[Sca-cooks] menu planning for dietary restrictions

Tom Vincent Tom.Vincent at yahoo.com
Fri Aug 11 15:48:42 PDT 2006

I understand.  I don't think I'd ever want to encourage non-period 
substitutes unless I felt the benefit outweighed (pun intended) the 
change in flavor...which should be negligible in all cases.  A sugar 
substitute brings up a lot of additional baggage, for example, and would 
certainly alter the flavor of a dish that depended on the sugar for 
significant flavor. 

I'm looking more at the benefit of reducing unnecessary oils, those 
'stealth calorie' sources, rather than any integral ingredients.

I never claimed that low-fat, low-salt, low-sugar dishes are bland or 
distasteful (seems to be a small epidemic of folks putting words in my 
posts).  Quite the contrary:  I believe that those ingredients are not 
necessary to make a dish tasty, yummy or delicious.

Of course, none of the terms in those two sentences are objectively 
measurable, so it'll always come down to the opinion of the feast 
attendees.  They always seem appreciative of just about everything 
that's served to them (other than those horrid feasts a few people 
described a couple of months ago), so why not serve a healthy tasty dish 
instead of an unhealthy one?

Here's a real-life example:  A while ago, I was helping out with a 
feast.  One of the dishes I was preparing was chicken cutlets breaded 
and fried, then baked with onions sauteed in wine (a decent bulk 
burgundy, as I recall) & oil, then topped with shredded cheese (and not 
a particularly flavorful cheese, mind you).  Now, my thought was:  Why 
use a lot of oil frying the cutlets *and* frying the onions when the 
wine was going to provide the major flavor source?  We could have baked 
the cutlets in wine, sauteed the onions in wine, then topped the chicken 
with the onions and cheese for the final baking cycle.  There were, as I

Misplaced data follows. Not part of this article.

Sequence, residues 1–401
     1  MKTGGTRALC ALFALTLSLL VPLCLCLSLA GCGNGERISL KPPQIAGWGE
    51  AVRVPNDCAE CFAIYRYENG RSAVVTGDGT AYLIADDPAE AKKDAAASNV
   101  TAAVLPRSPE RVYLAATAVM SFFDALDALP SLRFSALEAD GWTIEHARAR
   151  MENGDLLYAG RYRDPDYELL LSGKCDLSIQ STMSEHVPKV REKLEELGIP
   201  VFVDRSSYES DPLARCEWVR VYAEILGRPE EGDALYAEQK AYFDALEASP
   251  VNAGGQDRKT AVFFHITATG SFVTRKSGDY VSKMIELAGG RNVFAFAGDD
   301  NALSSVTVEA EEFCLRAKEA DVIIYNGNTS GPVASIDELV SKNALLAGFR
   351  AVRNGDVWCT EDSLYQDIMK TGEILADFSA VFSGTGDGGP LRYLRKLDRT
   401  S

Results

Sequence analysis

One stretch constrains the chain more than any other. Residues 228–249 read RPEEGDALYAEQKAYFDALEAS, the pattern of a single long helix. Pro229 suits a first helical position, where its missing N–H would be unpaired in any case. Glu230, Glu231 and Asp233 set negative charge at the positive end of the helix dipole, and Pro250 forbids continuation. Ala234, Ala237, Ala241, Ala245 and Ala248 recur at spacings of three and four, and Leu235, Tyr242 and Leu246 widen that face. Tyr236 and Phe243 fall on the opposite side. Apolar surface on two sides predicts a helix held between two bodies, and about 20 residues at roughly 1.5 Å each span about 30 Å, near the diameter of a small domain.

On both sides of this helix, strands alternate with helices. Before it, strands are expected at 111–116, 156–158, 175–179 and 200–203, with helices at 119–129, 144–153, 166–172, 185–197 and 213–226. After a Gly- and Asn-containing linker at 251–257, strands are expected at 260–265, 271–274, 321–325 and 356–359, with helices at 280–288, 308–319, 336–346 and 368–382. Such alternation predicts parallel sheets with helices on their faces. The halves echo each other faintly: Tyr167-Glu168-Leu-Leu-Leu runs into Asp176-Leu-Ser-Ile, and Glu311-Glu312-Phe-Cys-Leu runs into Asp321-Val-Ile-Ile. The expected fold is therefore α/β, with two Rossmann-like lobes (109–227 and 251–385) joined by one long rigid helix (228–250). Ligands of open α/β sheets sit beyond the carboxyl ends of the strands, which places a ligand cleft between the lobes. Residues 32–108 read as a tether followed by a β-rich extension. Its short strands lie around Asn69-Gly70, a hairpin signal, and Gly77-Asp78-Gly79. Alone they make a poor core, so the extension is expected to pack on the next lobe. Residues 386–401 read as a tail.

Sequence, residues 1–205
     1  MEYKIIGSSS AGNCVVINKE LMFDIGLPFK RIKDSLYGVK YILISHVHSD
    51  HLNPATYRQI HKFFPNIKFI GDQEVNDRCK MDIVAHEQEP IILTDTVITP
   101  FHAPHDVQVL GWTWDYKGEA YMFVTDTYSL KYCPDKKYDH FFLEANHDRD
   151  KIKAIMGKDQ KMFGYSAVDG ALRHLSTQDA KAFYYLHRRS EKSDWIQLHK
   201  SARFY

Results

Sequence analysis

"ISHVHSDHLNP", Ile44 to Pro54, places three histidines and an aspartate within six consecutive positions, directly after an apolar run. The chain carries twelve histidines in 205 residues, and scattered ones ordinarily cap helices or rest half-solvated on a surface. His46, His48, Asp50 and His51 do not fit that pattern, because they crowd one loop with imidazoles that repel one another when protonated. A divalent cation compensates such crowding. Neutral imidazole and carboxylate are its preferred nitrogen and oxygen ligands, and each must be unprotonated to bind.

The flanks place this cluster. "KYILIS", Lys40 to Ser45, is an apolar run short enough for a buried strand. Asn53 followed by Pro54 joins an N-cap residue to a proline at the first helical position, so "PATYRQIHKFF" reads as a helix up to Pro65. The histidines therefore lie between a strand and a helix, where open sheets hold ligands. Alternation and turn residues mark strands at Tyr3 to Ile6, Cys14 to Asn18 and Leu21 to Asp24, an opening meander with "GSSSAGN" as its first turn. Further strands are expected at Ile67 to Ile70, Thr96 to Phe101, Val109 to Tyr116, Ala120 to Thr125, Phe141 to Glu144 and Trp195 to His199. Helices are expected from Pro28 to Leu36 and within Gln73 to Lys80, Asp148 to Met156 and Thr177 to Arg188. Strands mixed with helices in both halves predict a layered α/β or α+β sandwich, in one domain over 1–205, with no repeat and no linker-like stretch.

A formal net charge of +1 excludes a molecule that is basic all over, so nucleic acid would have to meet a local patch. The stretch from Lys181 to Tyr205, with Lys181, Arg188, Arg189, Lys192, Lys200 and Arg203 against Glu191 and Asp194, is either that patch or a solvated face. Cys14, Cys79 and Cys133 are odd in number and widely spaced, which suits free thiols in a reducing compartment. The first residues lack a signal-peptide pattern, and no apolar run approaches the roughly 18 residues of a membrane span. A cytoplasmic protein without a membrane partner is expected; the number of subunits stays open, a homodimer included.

recall, no herbs or spices added to the dish.  Now, wouldn't a few 
seasonings more than offset the reduced use of oil?  Even without the 
extra oil -or- seasonings, the flavor combination of chicken, onion and 
wine could have stood alone.  Just a few thoughts.


Anne-Marie Rousseau wrote:
> hi Duriel et al from Anne-Marie
> I guess my point is, instead of making a period recipe (ie one that adheres 
> strictly to the list of ingredients provided in the original medieval source) into 
> a non period one (with the addition of food substitutes, fake sugars, etc) it is my 
> personal choice to provide options that people who are trying to watch their 
> fat/salt/sugar intake can choose.
> I disagree strongly that dishes that dont contain added fat or salt or sugar need 
> be bland or distasteful. some of my favorite recipes dont use any animal fats at 
> all! dont get me wrong, I like butter as much as the next person (it being my 
> heritage and all ;)) but I am also aware that my audience may not. Sauces are 
> servied on the side so that those who dont want Sauce Robert on their roast (hey, 
> there are some out there, I hear...) can choose the home made mustard instead. 
> lastly, for that yummy heart stopping lamb stew dish to really shine? teh best 
> foils are simple clean flavors that can allow it to stand out. So I plan my side 
> dishes accordingly. 
> between low carb, no sugar, no nitrates, vegan, lacto ovo vegetarians, "nothing 
> that has a mother" vegetarians, low fat, no fat, no trans fat, low sodium and all 
> the other permutations out there? by offering an array I'm the most likely to 
> provide everyone with SOMETHING they can eat guilt free, even if they cant eat the 
> whole thing.
> Sorry, but I dont buy that I need to not serve X for fear that some poor weakwilled 
> soul will indulge more than they should. that's not my job. and why is somoenes 
> problem with animal fats any more important than someone elses nut allergy, or 
> someone elses aversion to cinnamon? I produce a well rounded, well balanced meal 
> from recipes that I have reconstructed outo f medieval manuscripts. I make the menu 
> and the ingredients avilable beforehand (sorry, there is NO cheating or last minute 
> subs in my kitchen. being one of those folks with allergies, I'm really a stickler 
> about that...as is everyone else in our guild. we're lucky that way, I guess...). 
> Diners can choose to come and partake, or not. and in my experience, even the folks 
> who have a list as long as your arm of what they cant have usually walk away very 
> happy.
> again, each kitchen and each kitchen head will approach this differently (and vive 
> la difference!) but around here at least, the responsibility falls on both sides of 
> the blast doors....
> --Anne-Marie

Tom Vincent
"When fascism comes to America, it will be wrapped in the flag and
carrying the cross" - Sinclair Lewis

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